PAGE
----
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Lively debate at public symposium on sustainability

A public symposium was held at Leiden University on 20 February on a hot topic: renewable energy. This is the second time in a year that the University has organised such a symposium. The previous one, about Artificial Intelligence, was a big success.

At a quarter to seven the golden-hued Lorentz Hall in the Kamerlingh Onnes Building gradually started to fill. The guests who had braved the rain to be here were pleased with the cup of tea or coffee on offer. Lecture halls were nothing new to them, it would appear, as notepads were diligently produced.

Maarten Muns was first onstage, to introduce the speakers. He had organised the symposium, he said, because he wanted to take the information from our research dossiers offline for a change. He invited the audience to ask as many questions as possible, something the enthusiastic guests did not need to be told twice.

The wonders of hydrogen

The first speaker was chemist Marc Koper. He conducts research into how electrolysis can be used to convert water and CO2 into useful products, but he began his talk with a short history of hydrogen itself. This is necessary if you want to be able to explain today’s problems with hydrogen: namely, how do you produce it? It is produced from fossil fuels, which obviously isn’t particularly sustainable. The audience eagerly took notes. Koper ended his talk with the promising news that the research into electrolysis, which not only his colleagues but also oil companies are working on, could help make energy production more sustainable.

After a well-earned round of applause, it was time for audience questions. The guests showed that they had been paying attention by asking relevant and technical questions. An interesting dialogue ensued, giving Koper and the audience a chance to say their bit.

Marc Koper hydrogen
Marc Koper talks enthusiastically about his research

Social acceptance of energy projects

Koper then handed over to Emma ter Mors. Her research looks from a psychological perspective at how the public responds to different types of energy project. She looks at climate discussions, for instance, but also at the acceptance of new technology. Her research aims to expose the underlying factors of various issues, so that account can be taken of this in new plans. She therefore regularly shares her research findings with parties such as project managers and policymakers, who are only too glad to use these.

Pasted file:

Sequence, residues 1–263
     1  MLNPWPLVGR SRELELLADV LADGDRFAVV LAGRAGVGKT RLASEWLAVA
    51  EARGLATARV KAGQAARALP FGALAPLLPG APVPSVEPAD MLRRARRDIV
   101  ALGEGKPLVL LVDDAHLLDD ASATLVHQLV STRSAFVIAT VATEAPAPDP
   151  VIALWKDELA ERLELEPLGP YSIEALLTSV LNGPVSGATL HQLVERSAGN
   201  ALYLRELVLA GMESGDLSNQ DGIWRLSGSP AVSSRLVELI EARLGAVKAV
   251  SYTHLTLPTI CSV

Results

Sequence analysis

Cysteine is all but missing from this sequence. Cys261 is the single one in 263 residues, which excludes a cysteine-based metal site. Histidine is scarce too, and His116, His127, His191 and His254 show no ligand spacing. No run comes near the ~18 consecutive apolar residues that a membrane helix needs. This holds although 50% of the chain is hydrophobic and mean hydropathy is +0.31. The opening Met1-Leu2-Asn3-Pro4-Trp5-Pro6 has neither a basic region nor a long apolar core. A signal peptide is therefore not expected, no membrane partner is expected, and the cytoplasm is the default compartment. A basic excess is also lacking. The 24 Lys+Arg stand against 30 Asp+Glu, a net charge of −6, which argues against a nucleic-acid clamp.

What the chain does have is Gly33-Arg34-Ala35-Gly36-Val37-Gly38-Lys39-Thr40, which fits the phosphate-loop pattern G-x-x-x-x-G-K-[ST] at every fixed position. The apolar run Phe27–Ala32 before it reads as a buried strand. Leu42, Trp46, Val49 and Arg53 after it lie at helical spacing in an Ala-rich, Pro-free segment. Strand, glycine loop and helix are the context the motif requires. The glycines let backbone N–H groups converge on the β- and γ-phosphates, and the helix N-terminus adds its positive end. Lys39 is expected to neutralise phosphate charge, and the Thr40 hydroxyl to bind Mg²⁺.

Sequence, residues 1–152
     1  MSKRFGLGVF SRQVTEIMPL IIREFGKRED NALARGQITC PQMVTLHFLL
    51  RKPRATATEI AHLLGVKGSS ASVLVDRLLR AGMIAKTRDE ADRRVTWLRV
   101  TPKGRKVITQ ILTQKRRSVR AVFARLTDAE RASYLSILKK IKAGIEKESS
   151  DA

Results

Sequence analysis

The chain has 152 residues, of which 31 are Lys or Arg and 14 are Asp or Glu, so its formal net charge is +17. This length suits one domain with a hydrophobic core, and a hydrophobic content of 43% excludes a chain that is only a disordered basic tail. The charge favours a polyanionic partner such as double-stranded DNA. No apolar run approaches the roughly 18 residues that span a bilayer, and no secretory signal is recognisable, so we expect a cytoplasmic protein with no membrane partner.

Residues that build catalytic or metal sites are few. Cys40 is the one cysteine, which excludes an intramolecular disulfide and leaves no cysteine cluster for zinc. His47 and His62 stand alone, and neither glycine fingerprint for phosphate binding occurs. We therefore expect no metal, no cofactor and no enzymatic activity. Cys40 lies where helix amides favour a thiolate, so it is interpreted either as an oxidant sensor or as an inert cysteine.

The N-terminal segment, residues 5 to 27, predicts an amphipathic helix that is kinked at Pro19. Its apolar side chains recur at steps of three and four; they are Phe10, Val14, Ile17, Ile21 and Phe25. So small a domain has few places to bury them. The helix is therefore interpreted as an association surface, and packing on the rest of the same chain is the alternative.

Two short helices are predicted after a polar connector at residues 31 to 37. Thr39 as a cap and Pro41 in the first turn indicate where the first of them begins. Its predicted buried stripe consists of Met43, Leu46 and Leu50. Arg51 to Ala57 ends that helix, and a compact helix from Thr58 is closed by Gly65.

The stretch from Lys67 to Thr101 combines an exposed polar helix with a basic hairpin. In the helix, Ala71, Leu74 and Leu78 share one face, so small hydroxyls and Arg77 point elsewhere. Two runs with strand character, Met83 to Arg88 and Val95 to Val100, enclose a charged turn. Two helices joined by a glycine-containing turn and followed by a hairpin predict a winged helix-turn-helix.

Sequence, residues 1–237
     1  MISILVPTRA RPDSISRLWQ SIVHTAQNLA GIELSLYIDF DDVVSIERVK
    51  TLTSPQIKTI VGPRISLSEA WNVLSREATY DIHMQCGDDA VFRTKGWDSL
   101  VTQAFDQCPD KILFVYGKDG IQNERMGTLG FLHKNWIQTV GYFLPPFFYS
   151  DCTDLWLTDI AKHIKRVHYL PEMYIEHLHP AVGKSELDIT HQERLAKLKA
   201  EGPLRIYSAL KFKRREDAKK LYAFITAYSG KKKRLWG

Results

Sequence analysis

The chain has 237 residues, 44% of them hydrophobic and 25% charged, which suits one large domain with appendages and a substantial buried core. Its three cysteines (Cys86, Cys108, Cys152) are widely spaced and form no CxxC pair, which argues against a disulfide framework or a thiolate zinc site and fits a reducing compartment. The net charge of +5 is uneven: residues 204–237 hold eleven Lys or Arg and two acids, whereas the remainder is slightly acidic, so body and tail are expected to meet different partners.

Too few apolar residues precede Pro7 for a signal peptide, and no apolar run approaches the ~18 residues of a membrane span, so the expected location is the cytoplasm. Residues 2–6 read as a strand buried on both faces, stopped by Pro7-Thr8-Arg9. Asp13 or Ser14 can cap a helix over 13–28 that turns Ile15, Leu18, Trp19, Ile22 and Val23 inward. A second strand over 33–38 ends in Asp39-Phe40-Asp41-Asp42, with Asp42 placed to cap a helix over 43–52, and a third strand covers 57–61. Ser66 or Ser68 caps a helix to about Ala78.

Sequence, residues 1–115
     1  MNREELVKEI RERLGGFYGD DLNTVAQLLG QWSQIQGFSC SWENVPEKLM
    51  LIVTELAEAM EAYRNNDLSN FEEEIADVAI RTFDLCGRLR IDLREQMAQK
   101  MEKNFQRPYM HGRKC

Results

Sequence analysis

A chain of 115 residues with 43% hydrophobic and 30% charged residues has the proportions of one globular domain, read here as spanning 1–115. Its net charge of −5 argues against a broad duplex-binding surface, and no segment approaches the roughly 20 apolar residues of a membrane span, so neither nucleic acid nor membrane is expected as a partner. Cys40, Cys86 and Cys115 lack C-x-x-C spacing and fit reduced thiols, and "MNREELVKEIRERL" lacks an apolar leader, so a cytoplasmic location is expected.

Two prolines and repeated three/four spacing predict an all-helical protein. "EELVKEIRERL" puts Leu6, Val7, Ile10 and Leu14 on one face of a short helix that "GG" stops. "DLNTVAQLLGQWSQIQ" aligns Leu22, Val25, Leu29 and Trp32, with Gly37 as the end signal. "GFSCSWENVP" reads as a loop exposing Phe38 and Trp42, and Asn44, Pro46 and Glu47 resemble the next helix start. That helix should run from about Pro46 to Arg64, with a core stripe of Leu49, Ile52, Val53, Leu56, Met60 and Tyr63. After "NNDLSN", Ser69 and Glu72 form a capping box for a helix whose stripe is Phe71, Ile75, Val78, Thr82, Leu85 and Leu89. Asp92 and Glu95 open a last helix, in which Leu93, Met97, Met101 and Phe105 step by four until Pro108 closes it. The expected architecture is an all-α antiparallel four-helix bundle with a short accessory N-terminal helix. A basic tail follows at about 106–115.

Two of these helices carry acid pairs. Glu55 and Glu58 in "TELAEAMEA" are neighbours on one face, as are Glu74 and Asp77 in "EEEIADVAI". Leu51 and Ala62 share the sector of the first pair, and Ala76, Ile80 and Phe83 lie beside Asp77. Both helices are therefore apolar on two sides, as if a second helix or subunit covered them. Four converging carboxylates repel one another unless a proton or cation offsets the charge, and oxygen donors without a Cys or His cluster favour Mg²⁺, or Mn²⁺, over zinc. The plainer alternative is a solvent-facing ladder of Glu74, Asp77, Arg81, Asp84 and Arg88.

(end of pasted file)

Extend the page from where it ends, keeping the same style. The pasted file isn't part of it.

The audience clearly needed time to digest this information because at first the questions were few and far between, but once the conversation had started to flow, there was no stopping them. We were already running over, but the hands continued to go up. From questions about real-life examples to questions of a more technical nature... In the end Muns, the host of the evening, was forced to chivvy things along and move on to the next speaker.

From catalysis to nuclear energy

The next talk proved no less interesting. Irene Groot, a chemist like Koper, had come to talk about catalysis and how this can be used to produce renewable energy. However, she began by explaining about energy consumption in the Netherlands and where progress could be made. The figures show that the transport sector is a big polluter, so Groot mainly works with oil companies that are investing in becoming more eco-friendly. These companies are also trying to move with trends in society, or stay ahead of them even. Groot echoed Ter Mors here, who had already noted that oil companies were feeling the pressure from society.

Groot then explained in more technical terms how catalysts can help produce clean fuels. She also drew links with Koper’s talk, bringing the evening to a satisfying end. The details are too complicated to summarise in a sentence or two – this was also apparent from the audience questions. These were very technical and detailed, which led to heated discussions. Nuclear energy was just one of the topics that cropped up on this already packed evening. Just as the discussion had really begun to heat up, it became clear that we had gone way over time and could be thrown out of the hall at any moment. Most opportune therefore.

One of the visitors was full of praise afterwards. He found the evening very interesting, with many new insights and complex subject matter, which was conveyed in an appealing way. He was also pleased with the amount of time for questions and discussion.

Text: Ramón van Doorn

Photography: Sabrina Otterloo

Irene Groot catalysts
Irene Groot tells the audience about catalysts

For more information on this subject or on the wide range of research projects at Leiden University, take a look at our research dossiers. Hope to see you at our next symposium!

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